Nearest Green: The Forgotten Founder Of Tennessee Whiskey

The concept of American whiskey often links to 1866 and Lynchburg, Tennessee. That's when and where Jack Daniel's, the country's oldest registered whiskey distillery, came to life. Legend has it that Mr. Jack Daniel himself was a youngster who learned whiskey-making while apprenticing under a backwoods preacher, creating the iconic blend that defines what we now call Tennessee whiskey. Tall tales have a way of sticking around, but sometimes a perplexing revelation or simply a willingness to dig deeper tells a more nuanced story.

Meet Nathan "Nearest" Green, a man considered by many to be the forgotten founder of Tennessee whiskey — and for good reason. While the company's official history timeline still mentions Reverend Dan Call as a whiskey teacher to young Daniel, it now gives equal credit to Green, who had yet to be unshackled from the bonds of slavery.

In fact, after slavery became illegal in 1865 under the 13th Amendment to the U.S. Constitution, Daniel established the Jack Daniel's Distillery in Tennessee a year later, then hired Green to be his Master Distiller. It wasn't until 2016, 150 years later, that the company acknowledged the truth.

Slavery's imprint on early Tennessee whiskey

Reverend Call is indeed a big part of the story since he owned the whiskey still where teenage Daniel learned his future trade. But it was an enslaved man on Call's farm who did the teaching. That would be Nearest Green.

Daniel worked on the Call farm doing chores such as milking cows and slopping pigs, eventually gaining the preacher's confidence enough to learn about the farm's whiskey operation. Daniel became an apprentice under Green, who taught him everything about the specific Tennessee whiskey distilling process.

Call split his time between preaching, farming, and distilling, eventually giving up the whiskey business in dedication to spiritual pursuits, consequently selling it to Jack Daniel ­– who then named Green his head distiller, an honor that's today revered under the title of Master Distiller.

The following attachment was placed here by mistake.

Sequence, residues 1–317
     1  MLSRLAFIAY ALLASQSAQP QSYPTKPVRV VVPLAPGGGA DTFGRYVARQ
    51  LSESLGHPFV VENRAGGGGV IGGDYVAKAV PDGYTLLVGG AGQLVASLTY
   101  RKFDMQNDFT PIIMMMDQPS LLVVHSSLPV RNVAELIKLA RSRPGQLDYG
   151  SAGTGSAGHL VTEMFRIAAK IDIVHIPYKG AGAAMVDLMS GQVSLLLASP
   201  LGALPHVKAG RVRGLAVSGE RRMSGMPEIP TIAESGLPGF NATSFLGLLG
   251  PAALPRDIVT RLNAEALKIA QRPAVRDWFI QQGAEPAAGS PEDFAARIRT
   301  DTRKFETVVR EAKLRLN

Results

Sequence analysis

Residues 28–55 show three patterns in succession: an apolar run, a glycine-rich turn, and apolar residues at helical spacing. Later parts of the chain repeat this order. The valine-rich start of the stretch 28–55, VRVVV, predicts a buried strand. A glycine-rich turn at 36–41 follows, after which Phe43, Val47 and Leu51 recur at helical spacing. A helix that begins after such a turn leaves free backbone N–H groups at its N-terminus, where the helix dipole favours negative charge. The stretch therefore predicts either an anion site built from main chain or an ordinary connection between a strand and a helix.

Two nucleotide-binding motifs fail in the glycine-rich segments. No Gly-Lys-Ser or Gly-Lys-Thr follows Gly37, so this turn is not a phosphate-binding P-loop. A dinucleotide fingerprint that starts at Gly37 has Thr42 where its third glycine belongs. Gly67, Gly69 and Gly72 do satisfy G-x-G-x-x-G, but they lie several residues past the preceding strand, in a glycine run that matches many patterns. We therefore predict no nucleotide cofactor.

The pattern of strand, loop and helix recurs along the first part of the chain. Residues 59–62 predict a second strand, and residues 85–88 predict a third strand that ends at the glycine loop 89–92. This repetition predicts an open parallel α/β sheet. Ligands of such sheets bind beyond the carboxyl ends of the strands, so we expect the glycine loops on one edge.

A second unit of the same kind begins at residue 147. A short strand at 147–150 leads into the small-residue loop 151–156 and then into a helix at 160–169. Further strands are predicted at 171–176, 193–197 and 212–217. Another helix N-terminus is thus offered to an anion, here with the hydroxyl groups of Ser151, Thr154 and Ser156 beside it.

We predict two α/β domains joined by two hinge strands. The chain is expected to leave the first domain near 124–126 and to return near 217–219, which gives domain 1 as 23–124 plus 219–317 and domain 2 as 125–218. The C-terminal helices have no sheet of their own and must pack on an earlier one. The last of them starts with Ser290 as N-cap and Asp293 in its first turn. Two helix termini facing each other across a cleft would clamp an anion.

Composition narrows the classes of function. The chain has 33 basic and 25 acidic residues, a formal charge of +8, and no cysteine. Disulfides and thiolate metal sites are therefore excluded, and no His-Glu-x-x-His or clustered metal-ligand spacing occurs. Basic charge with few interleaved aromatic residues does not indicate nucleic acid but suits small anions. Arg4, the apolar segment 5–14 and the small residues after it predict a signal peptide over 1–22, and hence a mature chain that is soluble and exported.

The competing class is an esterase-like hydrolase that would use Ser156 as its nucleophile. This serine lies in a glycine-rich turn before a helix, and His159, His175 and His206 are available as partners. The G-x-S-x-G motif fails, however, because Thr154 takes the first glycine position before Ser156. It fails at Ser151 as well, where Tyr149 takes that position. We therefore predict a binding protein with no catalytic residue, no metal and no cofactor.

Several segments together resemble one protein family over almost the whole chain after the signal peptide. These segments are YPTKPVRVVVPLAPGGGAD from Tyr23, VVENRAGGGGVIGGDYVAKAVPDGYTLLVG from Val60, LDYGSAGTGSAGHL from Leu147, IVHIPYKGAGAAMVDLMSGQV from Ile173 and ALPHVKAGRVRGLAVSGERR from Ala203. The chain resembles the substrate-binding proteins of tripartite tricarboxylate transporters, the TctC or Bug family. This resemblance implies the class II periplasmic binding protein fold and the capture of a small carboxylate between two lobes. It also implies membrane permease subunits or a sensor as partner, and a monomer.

The roots of Tennessee whiskey dig deep into the nation's slave-holding history. Much of early distillery labor came from enslaved people, who also contributed African techniques and recipes. Even after abolition, many former slaves remained in service to former slave owners; in fact, Nearest Green chose to remain on Reverend Call's farm as a free man.

Under the persistence of author and real estate investor Fawn Weaver, Green's historic influence on Tennessee whiskey is getting long-overdue kudos. But it's not just acknowledgment by today's Jack Daniel's owners. His name sits high and proud on the label of a popular Tennessee whiskey and company built specifically to honor his legacy.

Uncle Nearest: the whiskey

It's no surprise that Fawn Weaver, arguably the biggest advocate for the legacy of Nearest Green, is also the force behind the whiskey bearing his name. As CEO of the female-owned Uncle Nearest Premium Whiskey brand, she helms a ship built with all-female leadership, including the first known Black woman Master Whiskey Blender, Victoria Eady Butler.

It just so happens that Butler is also the great-great-granddaughter of Nearest Green himself. The Uncle Nearest moniker comes from the nickname given to him by family and friends in Lincoln County, Tennessee.

The particular distillation method that Green used and perfected is the Lincoln County process, also known as sugar maple charcoal filtering. It's distinct to Tennessee but is widely considered to have originated in West Africa and arrived via victims of the slave trade. It's employed today by Uncle Nearest whiskey and also by the ongoing Jack Daniel's Tennessee Whiskey brand, which specifies that their whiskey is "charcoal mellowed drop by drop through 10 feet of sugar maple charcoal." 

Since its launch in 2017, the four ultra-premium whiskeys in the Uncle Nearest collection have stacked up at least 450 industry awards and accolades, all while honoring the memory of the once-overlooked pioneer of Tennessee whiskey, Nearest Green. 

It's available in all 50 U.S. states, 12 countries, and from the Nearest Green Distillery that spreads across 323 acres in Shelbyville, Tennessee. The facility is open for distillery tastings, tours, and a full dose of whiskey history — the Tennessee way.